Agreement will help all sectors fight online crime more effectively, software giant claims.
Microsoft has partnered with two international justice agencies and a payments technology provider to help combat cyber crime.
The collaboration arrangement between the Redmond giant, European Union law enforcement agency Europol, democracy and security promotion entity the Organization of American States (OAS) and payment processing provider FIS, was signed at the company’s first Cyber crime Enforcement Summit, which took place earlier in the week.
The alliance will help Microsoft work with each of the three institutions to pursue and ultimately bring down criminal organisations engaged in cyber crime, the company said.
This will be achieved by strengthening their forensic and technological analysis of established malware and botnets, as well as assessing and investigating emerging online threats.
Brad Smith, Microsoft executive vice president and general counsel, said: “Cyber criminals are increasingly sophisticated in preying on consumers, including children and senior citizens.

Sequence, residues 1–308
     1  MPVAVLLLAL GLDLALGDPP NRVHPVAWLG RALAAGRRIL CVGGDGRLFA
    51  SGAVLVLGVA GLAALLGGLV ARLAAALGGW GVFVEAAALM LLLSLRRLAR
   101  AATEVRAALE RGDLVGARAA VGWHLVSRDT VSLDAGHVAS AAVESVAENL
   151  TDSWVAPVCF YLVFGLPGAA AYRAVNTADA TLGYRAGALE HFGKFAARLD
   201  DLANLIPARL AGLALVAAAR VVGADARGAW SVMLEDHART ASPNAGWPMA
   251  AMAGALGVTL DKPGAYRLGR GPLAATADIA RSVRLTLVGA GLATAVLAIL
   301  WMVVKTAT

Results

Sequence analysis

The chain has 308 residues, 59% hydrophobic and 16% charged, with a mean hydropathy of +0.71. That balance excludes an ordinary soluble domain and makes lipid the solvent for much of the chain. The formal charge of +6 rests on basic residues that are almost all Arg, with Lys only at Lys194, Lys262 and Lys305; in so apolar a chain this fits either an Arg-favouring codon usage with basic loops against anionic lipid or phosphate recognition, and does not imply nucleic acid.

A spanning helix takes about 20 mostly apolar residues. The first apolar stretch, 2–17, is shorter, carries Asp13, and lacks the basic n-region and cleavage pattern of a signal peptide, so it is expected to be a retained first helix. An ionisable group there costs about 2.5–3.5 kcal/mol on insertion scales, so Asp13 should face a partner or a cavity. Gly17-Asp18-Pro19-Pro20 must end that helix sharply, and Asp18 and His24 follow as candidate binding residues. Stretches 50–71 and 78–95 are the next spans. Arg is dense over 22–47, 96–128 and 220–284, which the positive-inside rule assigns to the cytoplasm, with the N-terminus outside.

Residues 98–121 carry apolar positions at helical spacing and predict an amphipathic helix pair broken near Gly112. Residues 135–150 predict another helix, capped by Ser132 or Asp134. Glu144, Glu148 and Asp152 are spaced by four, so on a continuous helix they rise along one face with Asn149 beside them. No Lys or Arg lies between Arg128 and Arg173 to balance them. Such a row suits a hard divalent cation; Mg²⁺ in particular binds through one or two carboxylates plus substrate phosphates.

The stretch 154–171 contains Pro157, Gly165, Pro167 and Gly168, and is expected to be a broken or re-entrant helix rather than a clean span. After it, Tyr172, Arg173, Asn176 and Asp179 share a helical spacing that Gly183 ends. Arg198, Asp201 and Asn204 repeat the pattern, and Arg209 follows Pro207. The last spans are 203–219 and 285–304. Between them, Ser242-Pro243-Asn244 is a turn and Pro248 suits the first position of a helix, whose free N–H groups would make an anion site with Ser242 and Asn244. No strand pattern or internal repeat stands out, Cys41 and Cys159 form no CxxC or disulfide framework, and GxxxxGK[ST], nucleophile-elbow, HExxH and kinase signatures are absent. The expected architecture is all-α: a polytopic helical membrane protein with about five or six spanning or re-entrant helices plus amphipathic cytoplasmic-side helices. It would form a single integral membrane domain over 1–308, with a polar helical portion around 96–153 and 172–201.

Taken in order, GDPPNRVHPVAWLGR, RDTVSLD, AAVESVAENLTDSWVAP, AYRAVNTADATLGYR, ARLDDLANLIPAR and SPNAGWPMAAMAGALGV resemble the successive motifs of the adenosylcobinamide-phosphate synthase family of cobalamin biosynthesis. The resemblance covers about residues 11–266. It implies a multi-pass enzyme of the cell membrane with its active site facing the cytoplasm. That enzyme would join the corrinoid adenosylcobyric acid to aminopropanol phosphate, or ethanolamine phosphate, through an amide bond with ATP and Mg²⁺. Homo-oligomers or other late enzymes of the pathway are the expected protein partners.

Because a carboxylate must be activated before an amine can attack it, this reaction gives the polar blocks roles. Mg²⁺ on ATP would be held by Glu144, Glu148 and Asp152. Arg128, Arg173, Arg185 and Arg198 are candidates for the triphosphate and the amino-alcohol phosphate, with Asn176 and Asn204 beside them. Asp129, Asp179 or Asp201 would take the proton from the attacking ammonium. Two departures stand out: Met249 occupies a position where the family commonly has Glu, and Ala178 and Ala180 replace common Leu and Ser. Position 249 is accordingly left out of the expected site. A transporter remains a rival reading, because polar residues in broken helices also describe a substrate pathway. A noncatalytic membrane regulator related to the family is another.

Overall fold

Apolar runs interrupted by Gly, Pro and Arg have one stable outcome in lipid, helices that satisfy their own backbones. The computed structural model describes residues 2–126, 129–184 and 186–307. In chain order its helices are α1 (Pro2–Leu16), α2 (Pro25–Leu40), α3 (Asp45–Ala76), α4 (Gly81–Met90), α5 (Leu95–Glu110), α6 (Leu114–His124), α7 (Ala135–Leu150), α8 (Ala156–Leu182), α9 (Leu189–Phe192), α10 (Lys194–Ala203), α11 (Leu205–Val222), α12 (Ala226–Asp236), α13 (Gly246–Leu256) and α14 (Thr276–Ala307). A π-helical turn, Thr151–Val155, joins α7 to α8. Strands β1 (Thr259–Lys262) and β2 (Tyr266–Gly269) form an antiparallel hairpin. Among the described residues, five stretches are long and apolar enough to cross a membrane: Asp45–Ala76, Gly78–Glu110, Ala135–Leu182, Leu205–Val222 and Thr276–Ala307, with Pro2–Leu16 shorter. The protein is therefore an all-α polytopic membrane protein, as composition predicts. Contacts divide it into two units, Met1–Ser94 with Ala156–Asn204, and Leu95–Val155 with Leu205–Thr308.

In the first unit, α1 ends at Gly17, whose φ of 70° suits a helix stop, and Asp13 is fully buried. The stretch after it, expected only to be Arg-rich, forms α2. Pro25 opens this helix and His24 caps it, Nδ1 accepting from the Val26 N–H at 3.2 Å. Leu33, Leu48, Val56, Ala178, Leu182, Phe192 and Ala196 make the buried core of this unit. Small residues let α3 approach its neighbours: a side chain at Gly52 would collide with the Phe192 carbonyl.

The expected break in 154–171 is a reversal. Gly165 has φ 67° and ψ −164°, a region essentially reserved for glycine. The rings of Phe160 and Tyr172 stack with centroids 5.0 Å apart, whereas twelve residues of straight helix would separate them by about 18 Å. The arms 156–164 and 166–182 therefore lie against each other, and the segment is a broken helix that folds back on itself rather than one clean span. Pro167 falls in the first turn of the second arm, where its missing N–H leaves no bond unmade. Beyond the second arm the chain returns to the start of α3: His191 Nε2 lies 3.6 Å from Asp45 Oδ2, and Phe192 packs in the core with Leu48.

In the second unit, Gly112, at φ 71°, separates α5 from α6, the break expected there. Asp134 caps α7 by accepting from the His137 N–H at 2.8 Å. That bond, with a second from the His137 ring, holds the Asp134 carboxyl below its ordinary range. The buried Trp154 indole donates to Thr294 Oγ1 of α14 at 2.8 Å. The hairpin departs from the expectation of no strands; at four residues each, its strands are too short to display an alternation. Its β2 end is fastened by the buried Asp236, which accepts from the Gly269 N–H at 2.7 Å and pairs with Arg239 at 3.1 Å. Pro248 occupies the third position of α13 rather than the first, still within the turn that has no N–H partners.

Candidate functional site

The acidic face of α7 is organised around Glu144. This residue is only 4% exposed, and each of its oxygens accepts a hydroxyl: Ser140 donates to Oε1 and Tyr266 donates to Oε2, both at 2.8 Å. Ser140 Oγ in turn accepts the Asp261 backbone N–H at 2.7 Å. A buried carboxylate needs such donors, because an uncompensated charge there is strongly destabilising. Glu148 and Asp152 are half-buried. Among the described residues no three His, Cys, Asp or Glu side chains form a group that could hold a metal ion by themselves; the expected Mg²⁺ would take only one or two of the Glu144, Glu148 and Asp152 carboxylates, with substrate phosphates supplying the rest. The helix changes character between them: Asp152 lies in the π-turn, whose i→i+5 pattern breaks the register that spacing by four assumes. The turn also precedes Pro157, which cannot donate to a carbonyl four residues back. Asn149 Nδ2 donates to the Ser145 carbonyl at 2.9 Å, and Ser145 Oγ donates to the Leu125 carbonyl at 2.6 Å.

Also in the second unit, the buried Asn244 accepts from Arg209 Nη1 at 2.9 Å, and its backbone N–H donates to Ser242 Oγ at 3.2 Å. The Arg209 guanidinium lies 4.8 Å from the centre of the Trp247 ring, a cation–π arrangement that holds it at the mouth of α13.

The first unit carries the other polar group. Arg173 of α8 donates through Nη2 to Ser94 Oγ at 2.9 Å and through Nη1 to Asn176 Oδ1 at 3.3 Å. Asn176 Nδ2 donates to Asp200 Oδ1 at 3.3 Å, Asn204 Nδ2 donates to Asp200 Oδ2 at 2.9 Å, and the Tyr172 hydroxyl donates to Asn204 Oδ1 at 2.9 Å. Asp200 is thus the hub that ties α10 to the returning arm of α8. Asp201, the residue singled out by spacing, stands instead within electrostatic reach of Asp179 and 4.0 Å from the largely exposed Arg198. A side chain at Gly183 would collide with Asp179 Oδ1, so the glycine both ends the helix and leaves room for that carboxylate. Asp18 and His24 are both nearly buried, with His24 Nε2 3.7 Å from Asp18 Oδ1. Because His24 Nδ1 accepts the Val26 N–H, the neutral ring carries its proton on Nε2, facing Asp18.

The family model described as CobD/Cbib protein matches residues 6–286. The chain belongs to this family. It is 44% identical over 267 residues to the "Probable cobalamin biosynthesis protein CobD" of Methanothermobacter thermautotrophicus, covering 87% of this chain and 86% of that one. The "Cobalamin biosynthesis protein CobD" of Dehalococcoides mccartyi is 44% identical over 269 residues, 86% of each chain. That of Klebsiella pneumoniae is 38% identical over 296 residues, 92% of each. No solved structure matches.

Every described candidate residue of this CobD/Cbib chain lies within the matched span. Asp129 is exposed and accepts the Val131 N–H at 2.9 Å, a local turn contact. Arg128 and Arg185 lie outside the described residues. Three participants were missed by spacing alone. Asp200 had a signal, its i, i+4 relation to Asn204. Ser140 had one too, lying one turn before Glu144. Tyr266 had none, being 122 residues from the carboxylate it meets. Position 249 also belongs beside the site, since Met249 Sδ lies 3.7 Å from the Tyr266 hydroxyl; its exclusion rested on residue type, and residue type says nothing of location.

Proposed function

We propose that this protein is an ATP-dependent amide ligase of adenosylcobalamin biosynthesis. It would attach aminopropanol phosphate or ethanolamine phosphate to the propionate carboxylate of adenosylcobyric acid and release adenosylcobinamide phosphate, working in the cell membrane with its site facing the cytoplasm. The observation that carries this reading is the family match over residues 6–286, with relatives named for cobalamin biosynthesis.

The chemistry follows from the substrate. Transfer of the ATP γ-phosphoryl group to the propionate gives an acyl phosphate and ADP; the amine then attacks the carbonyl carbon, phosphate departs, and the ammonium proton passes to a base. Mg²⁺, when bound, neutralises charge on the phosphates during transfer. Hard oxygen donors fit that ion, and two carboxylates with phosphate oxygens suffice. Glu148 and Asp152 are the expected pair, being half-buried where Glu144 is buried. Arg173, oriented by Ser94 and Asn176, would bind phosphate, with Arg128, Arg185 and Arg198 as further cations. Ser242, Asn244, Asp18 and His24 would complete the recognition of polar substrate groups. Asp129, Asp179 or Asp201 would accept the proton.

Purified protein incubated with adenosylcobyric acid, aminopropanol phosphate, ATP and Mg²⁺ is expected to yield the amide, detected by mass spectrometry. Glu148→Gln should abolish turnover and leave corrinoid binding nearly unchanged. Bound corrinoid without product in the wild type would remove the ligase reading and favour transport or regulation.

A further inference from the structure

“These agreements will help the private and public sectors fight cyber crime more effectively, while protecting our customers’ privacy.”
While this is Microsoft’s first collaboration with the OAS, it has previously worked with Europol’s European Cybercrime Centre (EC3), most recently to take down the ZeroAccess botnet, which had infected an estimated two million computers.
“The ZeroAccess botnet disruption demonstrated the power of our combined efforts as our coordinated approach forced the cyber criminals in this case to walk away from their criminal enterprise,” said Europol’s assistant director Troels Oerting, who is in charge of EC3.
“This kind of collaboration is the new model needed to attack cyber crime, and that is why we’re committed to working with Microsoft so we can take more aggressive action in the future,” he added.